By: Levi Opsatnic
With the cold weather State College has been experiencing, surely I can’t be the only one out there drinking more and more hot beverages. Sadly, for me, gone are the days of iced coffees and frozen slushies. But with the change in temperature, comes a new and delicious assortment of drinks ranging from hot coffee and tea all the way down to some warm cider. This is all great for me as I’m a real fan of this fall adjustment; however, it’s an entirely different story for my trustworthy Hydro Flask that gets a dozen or so different liquids carelessly thrown into it every week.
Last year, Jacob wrote a really solid review of his Hydro Flask, so if you’re curious of how these things tick, give it a read. However, one thing to note about Hydro Flasks is that they are constructed from stainless steel, so you don’t really need to worry about lingering flavors whenever you’re switching between drinks. Odor, on the other hand, can be an issue. There really isn’t anything worse than smelling last week’s coffee right before you take a sip of this afternoon’s tea. This brings me to the point of this post, which is how to properly clean your water bottle and prevent it from getting funky.
I’ll begin with a short list of everything that I use and then dive into the steps that I take to get my water bottle squeaky clean.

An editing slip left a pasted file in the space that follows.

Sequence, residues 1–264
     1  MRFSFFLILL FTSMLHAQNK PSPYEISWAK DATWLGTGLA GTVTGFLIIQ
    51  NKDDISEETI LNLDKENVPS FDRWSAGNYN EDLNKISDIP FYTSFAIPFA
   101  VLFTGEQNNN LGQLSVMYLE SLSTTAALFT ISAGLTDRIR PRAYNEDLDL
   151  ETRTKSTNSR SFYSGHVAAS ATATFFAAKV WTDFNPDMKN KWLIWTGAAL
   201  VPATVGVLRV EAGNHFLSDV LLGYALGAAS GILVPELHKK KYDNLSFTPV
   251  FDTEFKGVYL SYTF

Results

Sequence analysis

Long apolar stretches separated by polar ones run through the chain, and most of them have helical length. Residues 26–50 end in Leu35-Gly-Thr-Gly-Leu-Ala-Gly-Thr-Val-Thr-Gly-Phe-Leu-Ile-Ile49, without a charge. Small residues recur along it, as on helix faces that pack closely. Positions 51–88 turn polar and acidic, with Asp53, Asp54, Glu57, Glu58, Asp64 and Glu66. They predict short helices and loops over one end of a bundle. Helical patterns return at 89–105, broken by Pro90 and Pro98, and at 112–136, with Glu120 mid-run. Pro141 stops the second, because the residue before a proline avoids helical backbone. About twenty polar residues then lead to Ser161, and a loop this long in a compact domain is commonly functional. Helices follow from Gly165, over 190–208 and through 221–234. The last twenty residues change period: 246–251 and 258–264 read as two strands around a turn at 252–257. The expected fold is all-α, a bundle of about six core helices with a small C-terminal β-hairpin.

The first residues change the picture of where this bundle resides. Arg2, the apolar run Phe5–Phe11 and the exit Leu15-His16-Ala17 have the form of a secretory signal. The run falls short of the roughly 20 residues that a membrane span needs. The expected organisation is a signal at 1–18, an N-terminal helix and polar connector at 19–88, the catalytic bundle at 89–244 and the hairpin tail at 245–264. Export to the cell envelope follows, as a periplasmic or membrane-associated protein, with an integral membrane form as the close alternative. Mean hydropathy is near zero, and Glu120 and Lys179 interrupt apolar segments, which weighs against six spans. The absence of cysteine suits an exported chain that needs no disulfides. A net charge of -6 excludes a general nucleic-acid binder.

-Distilled white vinegar
-A dish soap (I’m a fan of Dawn)
1. Begin by rinsing your bottle out with some warm water, especially if you’ve left something like a cup of coffee in it for a day or so.
2. After you’ve rinsed out any remaining contents, fill up about half of your bottle with distilled white vinegar, seal it up, and then shake it aggressively for a minute or two.
3. Rinse out the vinegar with warm water. Now fill up your bottle about halfway with hot water and add a bit of dish detergent. Shake your bottle just like you did with the vinegar and rinse until there are no more suds or soapy smell.
4. At this point, your bottle should be pretty clean; though, I like to take a napkin and run it around its edge to make sure that nothing is caught in the threads.
After all of this, you shouldn’t have any foul odor left in your bottle, and you should notice that everything’s a bit fresher. I’d encourage all of you serious water bottle enthusiasts to give your bottle a rinse after you use it as this makes cleaning it easier and allows you to go a bit longer in between washes. Also, whenever you aren’t using your bottle, leave the lid off. This allows constant airflow and prevents your bottle from getting stagnant.
Hopefully,this helped you all give your bottle a proper bath. I know that I bring mine everywhere, and I can always count on this method to keep it smelling nice and fresh.